When her wallet is stolen by one of her students, schoolteacher Nade (Margita Gosheva), is determined to find out who is responsible. Not exactly flush with cash, Nade and her family’s woes deepen when they are told their home will be repossessed. Rather than lash out at the husband who spent the mortgage payments on car parts, Nade sets out to solve both of her problems, but soon finds the method she uses to be increasingly complicated and difficult.
The Lesson feels a little like last year’s Two Days One Night, with Nade finding herself increasingly alone as she journeys through her small Bulgarian town to try and find a way to save the family home. Like Marion Cotillard in the Dardenne Brothers’ film, Margita Gosheva carries the film with confidence and grace, allowing the additional, almost petty strains that pile upon her to fray away the edges of her calm. The rest of the cast, Ivan Barnev, Ivan Savov, Stefan Denolyubov and Ivanka Bratoeva do well in backing Gosheva up, but it is she who is the heart and soul of the film.
Kristina Grozeva and Petar Valchanov’s screenplay feels relatable to so many, with homes being lost around the world, and the simplicity of how everything spirals out of control has the audience rooting for this mild mannered woman who wants nothing more than to live her life the way she has been.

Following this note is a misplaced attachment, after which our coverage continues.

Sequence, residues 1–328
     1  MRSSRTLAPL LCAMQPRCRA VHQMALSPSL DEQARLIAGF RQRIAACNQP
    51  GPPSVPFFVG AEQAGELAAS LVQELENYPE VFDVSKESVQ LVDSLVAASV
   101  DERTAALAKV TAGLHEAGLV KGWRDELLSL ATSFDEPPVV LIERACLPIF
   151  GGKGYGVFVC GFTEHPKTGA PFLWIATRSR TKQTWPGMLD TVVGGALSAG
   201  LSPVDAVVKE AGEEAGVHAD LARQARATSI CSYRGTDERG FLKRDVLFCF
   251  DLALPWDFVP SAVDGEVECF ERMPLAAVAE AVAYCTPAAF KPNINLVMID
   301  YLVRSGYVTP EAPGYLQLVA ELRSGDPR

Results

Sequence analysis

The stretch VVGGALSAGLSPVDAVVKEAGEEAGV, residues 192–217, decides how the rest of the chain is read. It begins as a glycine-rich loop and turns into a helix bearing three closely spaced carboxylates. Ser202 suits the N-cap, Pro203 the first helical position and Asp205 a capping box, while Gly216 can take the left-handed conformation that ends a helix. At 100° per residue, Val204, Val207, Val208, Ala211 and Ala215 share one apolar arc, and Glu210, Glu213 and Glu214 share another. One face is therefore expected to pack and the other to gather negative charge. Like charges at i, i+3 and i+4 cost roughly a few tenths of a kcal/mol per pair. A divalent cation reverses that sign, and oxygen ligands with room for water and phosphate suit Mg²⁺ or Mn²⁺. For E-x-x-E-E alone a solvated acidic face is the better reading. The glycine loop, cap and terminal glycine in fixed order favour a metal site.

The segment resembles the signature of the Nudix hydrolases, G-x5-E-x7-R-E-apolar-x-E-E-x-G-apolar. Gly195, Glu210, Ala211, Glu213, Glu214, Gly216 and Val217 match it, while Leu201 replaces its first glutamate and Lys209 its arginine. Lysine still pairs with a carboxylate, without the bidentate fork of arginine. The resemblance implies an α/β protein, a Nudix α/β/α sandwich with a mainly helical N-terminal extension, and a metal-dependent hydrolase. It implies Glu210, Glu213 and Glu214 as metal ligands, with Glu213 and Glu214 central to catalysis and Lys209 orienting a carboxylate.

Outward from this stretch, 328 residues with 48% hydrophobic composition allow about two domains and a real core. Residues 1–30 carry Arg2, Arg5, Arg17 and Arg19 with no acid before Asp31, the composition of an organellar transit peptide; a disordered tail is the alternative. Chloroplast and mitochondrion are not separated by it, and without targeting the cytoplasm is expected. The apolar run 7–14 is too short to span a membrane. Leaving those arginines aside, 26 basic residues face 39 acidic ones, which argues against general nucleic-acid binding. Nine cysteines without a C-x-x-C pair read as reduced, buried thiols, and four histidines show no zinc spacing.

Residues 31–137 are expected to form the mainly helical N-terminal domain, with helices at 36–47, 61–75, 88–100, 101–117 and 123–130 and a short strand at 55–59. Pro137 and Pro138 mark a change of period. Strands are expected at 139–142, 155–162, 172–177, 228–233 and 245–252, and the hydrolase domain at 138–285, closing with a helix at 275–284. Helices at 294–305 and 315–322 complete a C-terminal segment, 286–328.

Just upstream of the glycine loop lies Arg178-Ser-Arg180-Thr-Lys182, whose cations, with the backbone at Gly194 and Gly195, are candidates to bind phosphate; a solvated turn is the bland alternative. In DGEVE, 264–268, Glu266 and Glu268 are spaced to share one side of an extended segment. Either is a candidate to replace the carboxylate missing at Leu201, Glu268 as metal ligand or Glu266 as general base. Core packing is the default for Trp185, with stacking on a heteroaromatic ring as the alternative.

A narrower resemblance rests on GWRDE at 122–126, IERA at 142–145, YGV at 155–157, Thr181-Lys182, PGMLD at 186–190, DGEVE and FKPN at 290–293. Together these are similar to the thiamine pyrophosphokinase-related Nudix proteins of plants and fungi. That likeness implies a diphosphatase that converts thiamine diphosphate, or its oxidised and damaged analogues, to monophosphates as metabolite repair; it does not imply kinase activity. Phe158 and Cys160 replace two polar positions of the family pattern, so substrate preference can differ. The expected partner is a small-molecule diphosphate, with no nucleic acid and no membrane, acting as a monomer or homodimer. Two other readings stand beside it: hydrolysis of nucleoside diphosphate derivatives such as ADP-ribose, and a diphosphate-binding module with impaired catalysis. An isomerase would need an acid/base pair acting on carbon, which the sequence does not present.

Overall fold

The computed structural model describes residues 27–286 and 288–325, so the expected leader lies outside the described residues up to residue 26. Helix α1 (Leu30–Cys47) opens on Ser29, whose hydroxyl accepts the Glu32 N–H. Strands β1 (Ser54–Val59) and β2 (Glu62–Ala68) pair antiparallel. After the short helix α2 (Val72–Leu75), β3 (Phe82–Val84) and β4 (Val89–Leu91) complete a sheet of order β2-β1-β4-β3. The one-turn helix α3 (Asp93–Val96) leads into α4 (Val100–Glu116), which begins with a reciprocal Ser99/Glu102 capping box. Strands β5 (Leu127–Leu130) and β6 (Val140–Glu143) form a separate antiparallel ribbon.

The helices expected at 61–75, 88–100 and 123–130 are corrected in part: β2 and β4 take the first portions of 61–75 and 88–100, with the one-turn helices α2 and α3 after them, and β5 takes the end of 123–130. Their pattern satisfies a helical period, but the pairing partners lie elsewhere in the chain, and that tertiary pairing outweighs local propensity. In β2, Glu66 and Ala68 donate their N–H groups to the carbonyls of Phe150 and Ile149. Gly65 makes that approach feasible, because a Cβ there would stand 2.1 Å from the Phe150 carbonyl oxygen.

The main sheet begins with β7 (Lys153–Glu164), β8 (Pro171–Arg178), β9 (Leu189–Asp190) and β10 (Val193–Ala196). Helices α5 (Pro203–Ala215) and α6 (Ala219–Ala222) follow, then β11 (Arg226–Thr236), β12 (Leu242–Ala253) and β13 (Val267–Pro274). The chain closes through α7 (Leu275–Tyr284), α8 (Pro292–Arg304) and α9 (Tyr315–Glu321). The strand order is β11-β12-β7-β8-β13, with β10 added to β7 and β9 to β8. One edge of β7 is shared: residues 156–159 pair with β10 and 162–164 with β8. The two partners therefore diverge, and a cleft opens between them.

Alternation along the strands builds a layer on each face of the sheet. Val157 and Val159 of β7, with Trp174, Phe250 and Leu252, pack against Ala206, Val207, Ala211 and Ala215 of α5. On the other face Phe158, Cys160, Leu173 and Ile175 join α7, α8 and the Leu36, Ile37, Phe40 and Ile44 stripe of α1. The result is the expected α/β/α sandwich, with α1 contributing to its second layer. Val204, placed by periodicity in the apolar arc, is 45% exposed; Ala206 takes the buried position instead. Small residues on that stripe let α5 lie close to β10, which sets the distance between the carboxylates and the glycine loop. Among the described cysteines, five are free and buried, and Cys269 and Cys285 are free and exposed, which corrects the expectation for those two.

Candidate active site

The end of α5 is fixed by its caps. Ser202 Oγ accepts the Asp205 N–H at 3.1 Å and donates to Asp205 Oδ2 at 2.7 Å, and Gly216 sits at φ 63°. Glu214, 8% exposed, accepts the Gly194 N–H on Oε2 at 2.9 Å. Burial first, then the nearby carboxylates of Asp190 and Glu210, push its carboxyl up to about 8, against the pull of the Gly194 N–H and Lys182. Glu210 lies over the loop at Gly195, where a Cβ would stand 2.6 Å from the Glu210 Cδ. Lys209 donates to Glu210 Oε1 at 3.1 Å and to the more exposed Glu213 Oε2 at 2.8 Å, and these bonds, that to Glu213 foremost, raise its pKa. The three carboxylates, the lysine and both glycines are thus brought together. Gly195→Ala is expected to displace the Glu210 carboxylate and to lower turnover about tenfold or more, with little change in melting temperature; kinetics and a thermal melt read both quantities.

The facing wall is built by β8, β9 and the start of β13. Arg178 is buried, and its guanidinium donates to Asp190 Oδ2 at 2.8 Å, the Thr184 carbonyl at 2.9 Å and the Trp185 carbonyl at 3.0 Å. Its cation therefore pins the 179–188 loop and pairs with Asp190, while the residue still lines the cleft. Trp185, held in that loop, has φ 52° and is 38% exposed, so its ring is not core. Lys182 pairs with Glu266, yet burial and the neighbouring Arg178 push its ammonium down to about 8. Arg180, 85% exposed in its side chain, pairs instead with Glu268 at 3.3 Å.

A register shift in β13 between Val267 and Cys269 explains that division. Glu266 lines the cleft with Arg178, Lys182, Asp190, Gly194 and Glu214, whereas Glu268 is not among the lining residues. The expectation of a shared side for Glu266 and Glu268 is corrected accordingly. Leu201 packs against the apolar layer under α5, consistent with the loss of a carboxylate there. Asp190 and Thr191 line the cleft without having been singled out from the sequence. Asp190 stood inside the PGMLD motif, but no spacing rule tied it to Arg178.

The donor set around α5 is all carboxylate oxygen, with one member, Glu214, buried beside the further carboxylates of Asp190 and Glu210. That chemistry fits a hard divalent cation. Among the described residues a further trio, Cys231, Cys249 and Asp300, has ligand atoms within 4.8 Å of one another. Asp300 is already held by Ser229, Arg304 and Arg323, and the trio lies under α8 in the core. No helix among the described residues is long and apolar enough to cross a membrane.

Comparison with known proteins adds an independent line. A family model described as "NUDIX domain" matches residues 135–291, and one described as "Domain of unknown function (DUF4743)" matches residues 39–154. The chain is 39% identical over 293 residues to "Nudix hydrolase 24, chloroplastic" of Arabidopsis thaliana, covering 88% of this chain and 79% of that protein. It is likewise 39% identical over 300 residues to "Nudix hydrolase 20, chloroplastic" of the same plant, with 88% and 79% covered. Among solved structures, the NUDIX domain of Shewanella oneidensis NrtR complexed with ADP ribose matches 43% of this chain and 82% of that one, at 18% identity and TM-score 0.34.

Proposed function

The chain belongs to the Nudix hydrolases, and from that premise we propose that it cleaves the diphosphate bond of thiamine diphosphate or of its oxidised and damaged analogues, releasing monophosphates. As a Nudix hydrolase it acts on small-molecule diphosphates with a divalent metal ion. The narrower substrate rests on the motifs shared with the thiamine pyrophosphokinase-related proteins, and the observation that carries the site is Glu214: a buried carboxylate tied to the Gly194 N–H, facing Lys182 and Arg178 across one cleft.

As directors, Grozeva and Valchanov build the tension of The Lesson throughout the film so skilfully, that when Nade finally reaches her limit, the tension on screen and in the cinema is palpable. There could be a morality tale at the heart of the film, but this is not what The lesson has set out to do; instead, this is the story of a woman remaining graceful under extraordinary odds. Although the audience may not always agree with her decisions, The Lesson is so carefully constructed that we do always understand why Nade makes the decisions she does, and we are always on her side.
In all, The Lesson is a film about tenacity, pride and desperation. Margita Gosheva is solid, emotional and powerful in the leading role, and the film is so cleverly constructed as to pull the audience in from the opening moments. There are times where we wonder just how much one woman can take, but the resolution of the film is uplifting and satisfying.